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Network Solutions Encourages ICANN to End Front Running for Good

by Shashi Bellamkonda on June 20, 2008

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Next week the Internet Corporation for Assigned Names and Numbers (ICANN) Board of Directors will consider adopting a 20 cent per-transaction fee that will effectively end the abusive speculating practices of domain tasting, front running and kiting. The fee will only apply when domain names are deleted excessively, a signal that they are being “tasted” by speculators.

We at Network Solutions strongly encourage ICANN to enact this important provision as part of its budget and we have released a statement to that effect today,

Domain “tasting” occurs when parties register a domain name and place pay-per-click ads on the domain’s Web page to determine if the name is worth more than its registration cost; if it is not, the taster simply deletes the name during the allowed five-day grace period and receives a full refund.

In some cases, the names are immediately reregistered and tasted for another five days. Sometimes this process is repeated over and over in a scheme called “domain kiting.” Both of these practices are abusive as they allow tasters to hold, at no cost, millions of domains that are no longer available to the public for registration.

Elimination of tasting and kiting will also curtail the practice of front running. Front running is when someone registers a domain name, for the purpose of tasting, within minutes or hours after someone else has conducted a search for that domain name. Front runners may get access to domain search data through Internet Service Providers, spyware, or registries.

Because of the prevalence of these practices, earlier this year Network Solutions enacted an opt-in domain protection measure for our customers that reserves available domains for four days. If ICANN adopts the anti-tasting provision, Network Solutions will feel safe in discontinuing its service since the non-refundable fee will deflate domain taster’s profits and provide a substantial blow to front runners who use and sell search data for tasting purposes.

While we understand and appreciate certain concerns initially raised about our protection measure and the way it was implemented, we are heartened by the fact that we successfully highlighted the issue and assisted in moving toward the eradication of these negative practices.

You can read our statement in full at our media room.

*Update*

Network Solutions is pleased that ICANN chose to enact the administrative changes that we feel will adequately protect our customers from domain tasting abuse. In fact, we discontinued our Customer Protection Measure on June 26, 2008. You can read ICANN’s new policy here.


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    • http://ottodestruct.com Otto

      First off, your “protection measure” is not “opt-in” in any realistic sense of the term. There’s no dialog or option for you to not steal (yes, that’s right, STEAL) somebody’s domain name for 4 days.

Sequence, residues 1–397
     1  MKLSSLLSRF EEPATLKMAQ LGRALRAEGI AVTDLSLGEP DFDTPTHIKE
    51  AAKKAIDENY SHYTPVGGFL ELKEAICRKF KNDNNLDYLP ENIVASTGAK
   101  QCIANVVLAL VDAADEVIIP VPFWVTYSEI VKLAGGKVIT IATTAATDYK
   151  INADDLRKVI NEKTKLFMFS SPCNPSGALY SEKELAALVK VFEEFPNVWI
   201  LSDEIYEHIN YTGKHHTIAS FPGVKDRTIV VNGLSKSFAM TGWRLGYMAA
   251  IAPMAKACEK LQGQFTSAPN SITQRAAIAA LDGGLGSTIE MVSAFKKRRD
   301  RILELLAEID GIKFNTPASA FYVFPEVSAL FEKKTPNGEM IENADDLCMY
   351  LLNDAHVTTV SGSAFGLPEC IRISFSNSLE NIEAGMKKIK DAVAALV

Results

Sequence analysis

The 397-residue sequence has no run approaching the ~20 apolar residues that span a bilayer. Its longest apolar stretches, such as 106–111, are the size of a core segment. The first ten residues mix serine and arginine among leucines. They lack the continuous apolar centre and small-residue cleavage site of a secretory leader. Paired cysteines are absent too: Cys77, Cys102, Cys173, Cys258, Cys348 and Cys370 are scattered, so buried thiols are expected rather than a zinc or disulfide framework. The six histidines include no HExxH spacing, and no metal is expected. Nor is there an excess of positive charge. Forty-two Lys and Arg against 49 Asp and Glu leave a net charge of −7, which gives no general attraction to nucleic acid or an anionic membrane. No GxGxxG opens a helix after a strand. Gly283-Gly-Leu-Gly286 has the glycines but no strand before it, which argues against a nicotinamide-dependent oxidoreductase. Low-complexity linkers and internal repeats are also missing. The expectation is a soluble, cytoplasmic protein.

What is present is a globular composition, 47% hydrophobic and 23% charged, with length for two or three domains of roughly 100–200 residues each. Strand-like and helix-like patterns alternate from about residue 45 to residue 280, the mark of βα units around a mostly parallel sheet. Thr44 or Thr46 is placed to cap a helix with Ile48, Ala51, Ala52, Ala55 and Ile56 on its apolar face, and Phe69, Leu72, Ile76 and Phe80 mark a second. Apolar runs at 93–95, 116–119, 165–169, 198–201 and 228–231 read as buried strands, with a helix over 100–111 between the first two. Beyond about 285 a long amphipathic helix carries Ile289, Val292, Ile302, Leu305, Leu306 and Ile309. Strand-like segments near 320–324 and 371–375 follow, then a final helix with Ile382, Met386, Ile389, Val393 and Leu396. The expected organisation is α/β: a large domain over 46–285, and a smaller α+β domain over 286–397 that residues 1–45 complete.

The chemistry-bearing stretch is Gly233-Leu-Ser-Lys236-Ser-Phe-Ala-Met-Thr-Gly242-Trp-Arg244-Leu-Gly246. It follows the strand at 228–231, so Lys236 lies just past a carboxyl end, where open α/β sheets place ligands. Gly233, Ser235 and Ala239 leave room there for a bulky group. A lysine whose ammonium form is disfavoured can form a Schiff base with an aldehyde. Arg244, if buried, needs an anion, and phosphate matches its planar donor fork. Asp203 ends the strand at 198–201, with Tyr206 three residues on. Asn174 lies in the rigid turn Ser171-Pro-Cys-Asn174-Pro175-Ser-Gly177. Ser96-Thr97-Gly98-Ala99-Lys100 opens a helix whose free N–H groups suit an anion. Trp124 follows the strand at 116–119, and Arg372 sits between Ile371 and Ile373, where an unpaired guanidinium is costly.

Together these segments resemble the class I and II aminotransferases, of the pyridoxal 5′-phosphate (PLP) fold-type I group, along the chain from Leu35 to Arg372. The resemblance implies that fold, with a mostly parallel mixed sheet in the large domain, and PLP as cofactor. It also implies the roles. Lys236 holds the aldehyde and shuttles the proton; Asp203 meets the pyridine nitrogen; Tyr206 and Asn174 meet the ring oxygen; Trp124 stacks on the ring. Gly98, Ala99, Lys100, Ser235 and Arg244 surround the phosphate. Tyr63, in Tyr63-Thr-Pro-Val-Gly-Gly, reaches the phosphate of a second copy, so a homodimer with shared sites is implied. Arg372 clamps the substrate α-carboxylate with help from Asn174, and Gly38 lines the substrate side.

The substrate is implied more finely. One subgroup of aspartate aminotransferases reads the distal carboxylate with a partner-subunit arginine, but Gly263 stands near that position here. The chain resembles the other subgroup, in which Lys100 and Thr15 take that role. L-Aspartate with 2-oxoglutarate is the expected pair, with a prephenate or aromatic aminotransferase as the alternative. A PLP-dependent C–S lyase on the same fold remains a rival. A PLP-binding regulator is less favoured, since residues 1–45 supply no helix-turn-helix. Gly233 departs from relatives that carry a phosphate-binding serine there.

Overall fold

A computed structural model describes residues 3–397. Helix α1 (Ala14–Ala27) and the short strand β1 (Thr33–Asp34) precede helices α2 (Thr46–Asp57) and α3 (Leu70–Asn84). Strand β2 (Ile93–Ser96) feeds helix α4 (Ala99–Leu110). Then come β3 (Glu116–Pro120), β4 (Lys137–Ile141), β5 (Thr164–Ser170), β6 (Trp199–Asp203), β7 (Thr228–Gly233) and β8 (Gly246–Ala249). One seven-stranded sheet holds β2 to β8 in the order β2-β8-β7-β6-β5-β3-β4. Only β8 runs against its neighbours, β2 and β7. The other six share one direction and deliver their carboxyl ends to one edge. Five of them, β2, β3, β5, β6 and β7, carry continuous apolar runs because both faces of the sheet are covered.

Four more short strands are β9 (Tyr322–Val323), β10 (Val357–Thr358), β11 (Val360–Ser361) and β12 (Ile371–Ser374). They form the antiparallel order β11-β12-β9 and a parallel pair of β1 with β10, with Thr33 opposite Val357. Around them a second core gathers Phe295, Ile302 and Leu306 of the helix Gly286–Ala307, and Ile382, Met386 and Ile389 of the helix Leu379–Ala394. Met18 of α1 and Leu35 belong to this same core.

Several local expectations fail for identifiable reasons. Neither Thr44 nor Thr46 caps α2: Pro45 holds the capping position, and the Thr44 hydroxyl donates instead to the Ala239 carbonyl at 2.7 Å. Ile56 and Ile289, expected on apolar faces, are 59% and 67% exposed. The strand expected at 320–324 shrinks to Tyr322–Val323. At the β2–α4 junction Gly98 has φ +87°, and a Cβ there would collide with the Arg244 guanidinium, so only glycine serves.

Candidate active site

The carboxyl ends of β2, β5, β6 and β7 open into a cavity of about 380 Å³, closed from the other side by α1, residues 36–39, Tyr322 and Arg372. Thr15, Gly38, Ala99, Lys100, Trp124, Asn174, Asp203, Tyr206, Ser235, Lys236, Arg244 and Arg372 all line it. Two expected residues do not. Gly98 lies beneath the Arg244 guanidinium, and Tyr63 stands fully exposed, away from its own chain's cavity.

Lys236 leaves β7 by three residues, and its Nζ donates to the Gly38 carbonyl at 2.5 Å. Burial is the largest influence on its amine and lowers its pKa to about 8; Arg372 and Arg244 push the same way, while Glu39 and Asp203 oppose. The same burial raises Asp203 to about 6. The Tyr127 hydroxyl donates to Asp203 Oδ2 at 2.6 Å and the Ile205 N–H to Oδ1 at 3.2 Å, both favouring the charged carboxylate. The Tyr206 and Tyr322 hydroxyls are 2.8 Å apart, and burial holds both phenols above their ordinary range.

Your “protection” measure is flat out domain abuse of the worst form. It is far worse than so-called “domain tasting” or kiting.

      If you truly believed in this 20 cent measure by ICANN, you would cease your implementation of this practice immediately. Until you do so, you are worse than the people whom you claim to be against. Frankly, your statements on this matter are entirely hypocritical and worthless.

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    • http://www.business-supply.com Brad

      I'm glad to see that this issue is finally going to be examined. I've seen some of the domain kiting firsthand, and it takes perfectly good domains that people might actually develop into a contributing site and ties it up for a very short time. Then it drops back into the domain pool. It's no wonder I keep seeing some of the same domains continually dropped back into the domain pool over and over again. I'd rather see a system, where you can't return a domain once you purchased it. It's yours until you failed to renew it or let it go. Period.

    • http://www.business-supply.com Brad

      I'm glad to see that this issue is finally going to be examined. I've seen some of the domain kiting firsthand, and it takes perfectly good domains that people might actually develop into a contributing site and ties it up for a very short time. Then it drops back into the domain pool. It's no wonder I keep seeing some of the same domains continually dropped back into the domain pool over and over again. I'd rather see a system, where you can't return a domain once you purchased it. It's yours until you failed to renew it or let it go. Period.

    • http://www.brisbanehousepainter.net/ brisbane house painters

      Thanks for your suggestions Jason. I think we have done many of these things, including statements (which could be made more visible), but the real work comes when real people at Network Solutions, like Shashi and other members of the team, solve real issues. As you mention, is a process and not a destination. I think that this had been the problem in traditional PR, that we have focused too much on the message to be delivered rather than the long-term outcomes that we want – which is a healthier and more solid relationship with the customer. The old fashioned idea of earned brand loyalty.